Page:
You may have heard. Google has just launched a service called Google Print. Like Amazon, Google’s service allows people to search through books. Google announced at the Frankfurt Book Fair that are adding a lot of major publishers and they will be adding many titles. As with Amazon, there is a limit to how many pages you can view. And, at this stage anyway, it’s not possible to search the book database exclusively. I’ve found that the best way to get a Google Print result to show up is to type the word “book” and then whatever it is you’re searching for. It’ll be interesting to see if this develops further.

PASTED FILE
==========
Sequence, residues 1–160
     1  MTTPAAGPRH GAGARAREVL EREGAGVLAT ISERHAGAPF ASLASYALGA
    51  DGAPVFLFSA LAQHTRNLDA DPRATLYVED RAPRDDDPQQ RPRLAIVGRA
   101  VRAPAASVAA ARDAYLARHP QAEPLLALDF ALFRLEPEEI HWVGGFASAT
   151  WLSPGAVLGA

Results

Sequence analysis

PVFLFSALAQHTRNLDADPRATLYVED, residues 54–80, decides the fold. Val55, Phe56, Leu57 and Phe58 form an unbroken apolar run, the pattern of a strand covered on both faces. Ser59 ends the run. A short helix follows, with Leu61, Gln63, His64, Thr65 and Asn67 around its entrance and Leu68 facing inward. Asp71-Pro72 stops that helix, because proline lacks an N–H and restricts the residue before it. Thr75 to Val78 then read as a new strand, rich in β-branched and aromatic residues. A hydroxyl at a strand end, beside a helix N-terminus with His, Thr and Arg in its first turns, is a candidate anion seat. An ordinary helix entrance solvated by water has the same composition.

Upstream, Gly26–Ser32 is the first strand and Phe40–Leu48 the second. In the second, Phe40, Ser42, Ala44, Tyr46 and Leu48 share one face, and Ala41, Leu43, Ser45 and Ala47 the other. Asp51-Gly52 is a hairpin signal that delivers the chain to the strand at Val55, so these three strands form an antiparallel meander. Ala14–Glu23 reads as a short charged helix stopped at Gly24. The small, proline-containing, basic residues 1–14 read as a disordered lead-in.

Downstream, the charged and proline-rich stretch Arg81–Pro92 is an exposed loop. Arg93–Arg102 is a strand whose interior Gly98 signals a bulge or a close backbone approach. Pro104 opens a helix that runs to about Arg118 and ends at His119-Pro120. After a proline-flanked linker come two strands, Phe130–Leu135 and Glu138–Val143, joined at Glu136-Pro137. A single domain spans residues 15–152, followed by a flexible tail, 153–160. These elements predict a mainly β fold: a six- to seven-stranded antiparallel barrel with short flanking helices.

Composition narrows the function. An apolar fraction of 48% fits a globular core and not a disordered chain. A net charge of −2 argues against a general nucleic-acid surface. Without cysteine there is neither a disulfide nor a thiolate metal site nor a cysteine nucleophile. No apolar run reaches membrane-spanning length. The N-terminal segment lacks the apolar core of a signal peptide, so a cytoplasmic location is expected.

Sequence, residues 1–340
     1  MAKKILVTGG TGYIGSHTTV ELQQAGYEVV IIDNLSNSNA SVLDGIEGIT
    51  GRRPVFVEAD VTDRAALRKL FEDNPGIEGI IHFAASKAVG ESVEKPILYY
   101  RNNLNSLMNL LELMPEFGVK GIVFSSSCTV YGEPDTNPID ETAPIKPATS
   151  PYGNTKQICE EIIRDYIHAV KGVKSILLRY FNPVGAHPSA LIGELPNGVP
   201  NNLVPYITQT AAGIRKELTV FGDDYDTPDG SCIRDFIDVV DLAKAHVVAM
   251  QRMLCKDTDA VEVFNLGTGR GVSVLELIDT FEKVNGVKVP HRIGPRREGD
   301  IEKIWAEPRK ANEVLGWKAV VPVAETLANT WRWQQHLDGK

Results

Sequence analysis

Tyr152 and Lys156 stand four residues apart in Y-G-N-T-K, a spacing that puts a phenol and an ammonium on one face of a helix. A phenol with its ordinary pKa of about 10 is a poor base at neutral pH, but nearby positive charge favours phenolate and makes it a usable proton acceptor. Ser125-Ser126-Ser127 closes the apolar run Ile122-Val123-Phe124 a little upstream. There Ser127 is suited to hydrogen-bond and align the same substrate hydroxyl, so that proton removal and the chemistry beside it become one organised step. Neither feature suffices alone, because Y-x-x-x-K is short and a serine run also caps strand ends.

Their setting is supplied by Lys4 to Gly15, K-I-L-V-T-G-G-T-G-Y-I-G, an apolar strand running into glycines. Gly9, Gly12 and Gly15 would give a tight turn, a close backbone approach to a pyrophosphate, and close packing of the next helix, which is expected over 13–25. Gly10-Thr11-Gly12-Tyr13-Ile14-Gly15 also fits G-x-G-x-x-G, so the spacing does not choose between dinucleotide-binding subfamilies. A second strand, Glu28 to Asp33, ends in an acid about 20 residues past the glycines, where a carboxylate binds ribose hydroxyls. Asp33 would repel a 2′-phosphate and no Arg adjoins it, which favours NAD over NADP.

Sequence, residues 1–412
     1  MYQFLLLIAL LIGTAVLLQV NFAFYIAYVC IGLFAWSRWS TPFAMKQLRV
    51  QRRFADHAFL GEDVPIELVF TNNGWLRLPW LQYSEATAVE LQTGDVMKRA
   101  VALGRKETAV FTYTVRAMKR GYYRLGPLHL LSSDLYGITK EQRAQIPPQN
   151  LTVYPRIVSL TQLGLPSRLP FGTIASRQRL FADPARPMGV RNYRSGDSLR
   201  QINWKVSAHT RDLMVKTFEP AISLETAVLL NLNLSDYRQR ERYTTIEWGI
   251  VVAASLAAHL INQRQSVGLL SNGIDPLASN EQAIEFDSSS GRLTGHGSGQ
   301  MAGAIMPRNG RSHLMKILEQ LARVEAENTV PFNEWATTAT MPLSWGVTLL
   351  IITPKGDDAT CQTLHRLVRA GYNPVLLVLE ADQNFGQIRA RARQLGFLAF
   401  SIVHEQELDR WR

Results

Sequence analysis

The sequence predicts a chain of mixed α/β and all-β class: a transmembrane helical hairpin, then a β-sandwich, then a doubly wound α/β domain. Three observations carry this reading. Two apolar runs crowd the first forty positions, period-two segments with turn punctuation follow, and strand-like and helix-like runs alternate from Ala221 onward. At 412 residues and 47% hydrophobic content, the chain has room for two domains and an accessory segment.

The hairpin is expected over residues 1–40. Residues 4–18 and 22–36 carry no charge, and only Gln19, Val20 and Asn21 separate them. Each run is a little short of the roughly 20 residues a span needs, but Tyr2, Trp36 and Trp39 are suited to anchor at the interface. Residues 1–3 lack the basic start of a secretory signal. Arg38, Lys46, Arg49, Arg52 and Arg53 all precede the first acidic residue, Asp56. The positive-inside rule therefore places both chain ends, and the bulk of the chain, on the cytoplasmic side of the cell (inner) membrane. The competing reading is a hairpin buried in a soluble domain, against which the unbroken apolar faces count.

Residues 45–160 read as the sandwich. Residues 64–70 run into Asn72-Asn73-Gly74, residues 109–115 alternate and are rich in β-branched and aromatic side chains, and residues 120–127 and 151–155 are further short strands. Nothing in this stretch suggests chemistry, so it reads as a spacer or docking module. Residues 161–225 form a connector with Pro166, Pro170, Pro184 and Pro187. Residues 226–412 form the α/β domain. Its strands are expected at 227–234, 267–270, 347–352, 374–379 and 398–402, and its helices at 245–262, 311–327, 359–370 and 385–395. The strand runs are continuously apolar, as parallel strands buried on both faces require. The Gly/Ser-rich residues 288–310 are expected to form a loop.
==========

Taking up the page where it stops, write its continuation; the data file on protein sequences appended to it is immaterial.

Hillel Italie, the AP’s publishing beat reporter, has a story about how a couple of major book stores aren’t getting behind the impending release of the Sony Reader. According to Italie, both Barnes & Noble and Amazon won’t be carrying the device when it comes out this summer, while Borders will be carrying it. In a post from a couple of months ago, I mentioned the Sony Reader, which had gotten rave reviews from people who’d tried it out. Sony now has the Reader up on its Web site, and I have to say, even in the pictures, it looks a lot more usable than I expected. It’s small and relatively elegant looking, but the quality of the text on the screen is most impressive. There is certainly a paper-like quality to the display. Despite all this, I don’t think I’ll be pulping my books anytime soon. I simply enjoy all the non-textual aspects of books too much. I do think, however, that if this device is as pleasant to use as people have described it to be, then surely there will be some use for it, and certainly some categories of books will be ripe for transition to this format. Textbooks come to mind.Truthfully, I’m really not all that surprised that Barnes & Noble isn’t carrying the Sony Reader because I would imagine that the transaction of buying books for the device and the act of reading books on the device won’t have any real connection to the typical brick and mortar book store experience. Not unlike how the way many people now buy and listen to music doesn’t have much of a connection to the Tower Records down the street, and Tower Records (probably to its detriment) isn’t in the “eMusic business.” As for Amazon sitting this one out, that’s a little harder to understand, but I’d imagine it’ll jump on board if there’s any inkling in the early going that the Sony Reader is taking off. Ultimately, I think the Sony Reader will be a success if Sony manages to sell it as a comfortable reading device and not a replacement for books. There are a few other issues, of course. It’s expensive, set to retail for $300 to $400, and there are many handheld devices, and many more on the way, that can function as “eReaders,” though without Sony’s special, paper-like display, while also doing a lot of other stuff – I’m talking Palms and the like here. Regardless, though, 2006 should be an interesting year to watch the ongoing digital future of books.Supplemental Links: Another pic of the device at Gizmodo; Kevin 2.0 asks if dedicated eBook readers are really needed; Bookninja, on the other hand, calls it the “iPod for nerds.”